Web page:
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Is there a Latin idiom for food that is cooked just right (not too much, not too little), similar to the popular Italian phrase "al dente"? I doubt the direct translation denti or ad dentem makes any sense. Perhaps something like apte coctus would work, but I would like to know if there is any attested — or even better, common — phrase for this. Maybe Apicius has something suitable, but I am not familiar with the work.

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    A "literal" translation would be ad dentem, not denti, since al ultimately derives from ad (plus ille). – C. M. Weimer Mar 5 '17 at 15:26
  • @C.M.Weimer You are right. I added ad dentem. These two are the obvious first candidates but neither sounds good or familiar to me. – Joonas Ilmavirta Mar 5 '17 at 17:36
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Pliny NH XV has palati gratia. It's not exactly al dente, of course, but at least it indicates that taste was referred to the palate, rather than the teeth:

oleum ipsum sale vindicatur a pinguitudinis vitio. cortice oleae conciso odorem accipit. medicatio alias ut vino; palati gratia nulla est nec tam numerosa differentia: tribus ut plurimum bonitatibus distat. odor in tenui argutior, et is tamen etiam in optimo brevis.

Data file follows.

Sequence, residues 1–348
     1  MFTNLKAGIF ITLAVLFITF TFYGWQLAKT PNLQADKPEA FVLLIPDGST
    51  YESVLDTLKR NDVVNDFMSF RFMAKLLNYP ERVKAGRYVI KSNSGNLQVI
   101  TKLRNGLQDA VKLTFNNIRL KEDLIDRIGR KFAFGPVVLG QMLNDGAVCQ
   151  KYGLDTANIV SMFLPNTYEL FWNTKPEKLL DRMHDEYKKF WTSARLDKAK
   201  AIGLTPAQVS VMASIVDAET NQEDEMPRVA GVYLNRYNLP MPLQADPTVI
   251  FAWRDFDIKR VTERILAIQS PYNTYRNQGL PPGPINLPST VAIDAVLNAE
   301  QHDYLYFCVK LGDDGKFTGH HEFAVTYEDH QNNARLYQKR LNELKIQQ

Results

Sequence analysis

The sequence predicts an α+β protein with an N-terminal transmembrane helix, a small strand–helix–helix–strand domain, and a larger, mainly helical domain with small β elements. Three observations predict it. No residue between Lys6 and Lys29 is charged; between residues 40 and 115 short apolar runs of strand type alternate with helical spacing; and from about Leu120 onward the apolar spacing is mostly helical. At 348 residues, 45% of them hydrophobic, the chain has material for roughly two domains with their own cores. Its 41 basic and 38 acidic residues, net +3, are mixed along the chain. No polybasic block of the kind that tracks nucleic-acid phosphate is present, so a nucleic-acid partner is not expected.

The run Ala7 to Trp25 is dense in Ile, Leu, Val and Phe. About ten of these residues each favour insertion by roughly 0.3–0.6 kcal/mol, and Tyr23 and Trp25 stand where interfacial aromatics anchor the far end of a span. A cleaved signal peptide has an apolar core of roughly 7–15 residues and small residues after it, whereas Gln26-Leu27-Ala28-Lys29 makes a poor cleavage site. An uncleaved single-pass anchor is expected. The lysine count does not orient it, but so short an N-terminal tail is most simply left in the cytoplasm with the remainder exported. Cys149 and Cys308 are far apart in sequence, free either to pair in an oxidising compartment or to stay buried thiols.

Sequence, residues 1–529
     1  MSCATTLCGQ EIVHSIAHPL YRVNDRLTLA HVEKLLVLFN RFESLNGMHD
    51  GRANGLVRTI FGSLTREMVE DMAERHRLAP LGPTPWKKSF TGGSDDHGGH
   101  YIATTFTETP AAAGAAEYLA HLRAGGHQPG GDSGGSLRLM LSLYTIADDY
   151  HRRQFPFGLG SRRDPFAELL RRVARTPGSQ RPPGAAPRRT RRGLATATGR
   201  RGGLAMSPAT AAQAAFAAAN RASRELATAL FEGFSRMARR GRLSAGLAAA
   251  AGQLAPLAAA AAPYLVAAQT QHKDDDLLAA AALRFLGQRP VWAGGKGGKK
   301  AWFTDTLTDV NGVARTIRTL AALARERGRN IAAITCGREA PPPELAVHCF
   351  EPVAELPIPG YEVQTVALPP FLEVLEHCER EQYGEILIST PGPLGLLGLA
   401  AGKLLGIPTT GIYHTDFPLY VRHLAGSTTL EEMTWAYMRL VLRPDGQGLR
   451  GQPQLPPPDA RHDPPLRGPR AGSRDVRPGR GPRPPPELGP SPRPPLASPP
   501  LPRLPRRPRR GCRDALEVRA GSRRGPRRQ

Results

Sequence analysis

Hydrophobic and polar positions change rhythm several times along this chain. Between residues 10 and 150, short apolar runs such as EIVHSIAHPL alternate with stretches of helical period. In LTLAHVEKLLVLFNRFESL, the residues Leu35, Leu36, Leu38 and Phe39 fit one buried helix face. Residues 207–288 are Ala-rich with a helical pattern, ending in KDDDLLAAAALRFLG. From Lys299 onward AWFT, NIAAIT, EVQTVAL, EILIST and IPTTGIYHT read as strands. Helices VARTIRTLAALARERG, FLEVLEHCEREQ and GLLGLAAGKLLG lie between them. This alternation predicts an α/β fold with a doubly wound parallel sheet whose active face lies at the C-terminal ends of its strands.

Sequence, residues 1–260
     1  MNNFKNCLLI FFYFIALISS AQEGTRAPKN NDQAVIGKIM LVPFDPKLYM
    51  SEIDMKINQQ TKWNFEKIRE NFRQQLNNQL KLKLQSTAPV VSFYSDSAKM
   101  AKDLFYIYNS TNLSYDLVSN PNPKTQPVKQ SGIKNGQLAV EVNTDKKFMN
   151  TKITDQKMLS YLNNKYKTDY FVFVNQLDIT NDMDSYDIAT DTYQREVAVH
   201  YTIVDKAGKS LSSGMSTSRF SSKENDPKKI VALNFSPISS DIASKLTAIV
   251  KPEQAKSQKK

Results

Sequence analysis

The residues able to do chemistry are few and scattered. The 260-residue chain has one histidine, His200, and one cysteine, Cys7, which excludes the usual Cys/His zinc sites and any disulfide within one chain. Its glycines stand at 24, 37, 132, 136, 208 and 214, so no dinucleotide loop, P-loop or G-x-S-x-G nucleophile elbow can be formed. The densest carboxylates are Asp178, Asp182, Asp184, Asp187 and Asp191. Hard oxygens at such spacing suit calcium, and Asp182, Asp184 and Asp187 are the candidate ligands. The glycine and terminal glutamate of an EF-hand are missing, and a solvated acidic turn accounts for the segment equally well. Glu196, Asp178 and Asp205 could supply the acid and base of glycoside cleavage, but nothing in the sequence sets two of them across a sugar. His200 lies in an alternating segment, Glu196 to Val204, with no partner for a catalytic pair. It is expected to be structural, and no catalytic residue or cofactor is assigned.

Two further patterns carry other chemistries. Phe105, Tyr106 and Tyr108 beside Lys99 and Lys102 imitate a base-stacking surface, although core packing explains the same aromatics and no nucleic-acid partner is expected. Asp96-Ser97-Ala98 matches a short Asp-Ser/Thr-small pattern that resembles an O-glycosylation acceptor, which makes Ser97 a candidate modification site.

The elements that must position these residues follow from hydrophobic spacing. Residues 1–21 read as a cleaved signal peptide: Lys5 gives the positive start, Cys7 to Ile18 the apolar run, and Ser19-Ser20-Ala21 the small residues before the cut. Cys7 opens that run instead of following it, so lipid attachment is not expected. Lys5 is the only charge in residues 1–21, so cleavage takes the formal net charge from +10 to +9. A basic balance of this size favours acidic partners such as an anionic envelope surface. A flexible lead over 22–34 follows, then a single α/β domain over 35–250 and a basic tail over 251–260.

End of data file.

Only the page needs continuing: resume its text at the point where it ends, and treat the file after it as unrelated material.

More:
In the absence of anything better, I think you might justifiably use dentium gratia, though I'd personally prefer your ad dentem. Or you might get a bit nearer with ad morsum.

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Apicius regularly gives the word mollis for "cooked until soft", such as in 3.2:

polypodium in tepidam mittes. ubi mollierit, rades, et minutum cum pipere et cumino trito in patinam ferventem mittes et uteris.

Parboil polypody root so as to soften them, cut them into small pieces, season with ground pepper and cumin, arrange in a baking dish, finish on the fire and serve.

Given that, I would actually offer the suggestion of mollis fere or paene mollis, "almost soft," as an appropriate description since, especially since, as brianpck points out, talking about teeth here would be anachronistic and a forced idiom.

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    A question like this points to a familiar problem when translating English idiom within an established text into Latin. There doesn't seem to be a consensus on what to do, and when (as often happens) there is no direct equivalent, an acceptable solution can be tricky. I'm hard put to choose between any of the suggestions made here! – Tom Cotton Mar 7 '17 at 10:04

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